What Happens If An Employer Lies About Your Hours In A Workers' Comp Case?
One of the more nefarious things an employer might do when someone is filing a workers' compensation claim is to lie about how many hours the employee worked. This can create a tricky spot for the employee because it does acknowledge the claim's validity without giving them the full benefits they paid for.
Fortunately, every workers' comp law firm has a plan for handling these sorts of cases. Here is a look at what happens if your employer misstates your hours enough to negatively affect your claim.
Avoid Getting Angry With the Employer
It's not a good idea to try to resolve the issue between you and the employer. There are administrative people from the insurance company and the government who can handle these concerns, and it's best to retain counsel before you get too upset. Let the process work. If you're feeling angry, then take advantage of your lawyer as a buffer between you and your employer.
Providing Proof of Hours Worked
Generally, employers don't try this sort of thing if their employee's hours are well-documented. Still, it's wise to keep copies of all of your timesheets and pay stubs. If there is an inconsistency apparent in these numbers, you should report it to the workers' compensation insurance provider immediately. Usually, the insurer for your company will appoint an adjuster who can serve as your point of contact.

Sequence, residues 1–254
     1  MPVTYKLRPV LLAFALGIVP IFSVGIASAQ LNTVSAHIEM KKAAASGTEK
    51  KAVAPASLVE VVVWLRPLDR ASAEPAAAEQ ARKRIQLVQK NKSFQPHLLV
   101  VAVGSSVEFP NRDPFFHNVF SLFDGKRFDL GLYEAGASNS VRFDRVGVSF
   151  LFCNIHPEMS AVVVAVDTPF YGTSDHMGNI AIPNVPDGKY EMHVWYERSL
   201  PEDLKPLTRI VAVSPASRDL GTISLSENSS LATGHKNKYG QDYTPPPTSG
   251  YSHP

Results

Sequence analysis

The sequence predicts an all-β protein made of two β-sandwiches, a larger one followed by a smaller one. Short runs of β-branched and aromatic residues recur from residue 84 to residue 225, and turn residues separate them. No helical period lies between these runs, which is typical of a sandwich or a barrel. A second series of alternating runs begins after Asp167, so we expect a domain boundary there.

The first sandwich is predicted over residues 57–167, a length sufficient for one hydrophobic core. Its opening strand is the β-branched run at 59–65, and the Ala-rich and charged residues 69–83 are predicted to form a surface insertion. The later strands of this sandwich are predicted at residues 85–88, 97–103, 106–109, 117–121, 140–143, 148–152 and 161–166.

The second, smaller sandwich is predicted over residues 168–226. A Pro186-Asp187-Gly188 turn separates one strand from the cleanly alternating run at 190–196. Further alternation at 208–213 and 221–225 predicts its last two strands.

Make additional copies of all the documents you have. If they're in digital formats, print several copies. Present these to the workers' compensation law firm presenting your case so they can study them.
Sometimes an employee's hours worked are more evident based on communications with the company. For example, it might become clear based on your emails and text messages that you were at the job site too often for the reported hours to be accurate.
Most jobs require contact with third parties. For example, a driver for a towing company usually comes into regular contact with the police. A few statements from cops may make it apparent that the driver's hours were underreported.
Think about all of the folks you come into contact with in the course of your job. Provide a list to the workers' comp law firm so they can speak with them and make notes.
Receipts and Financial Records
Another small bit of evidence comes from your daily finances. If you regularly grab a cup of coffee at 8 a.m. on the way to work, for example, that will show up in the records.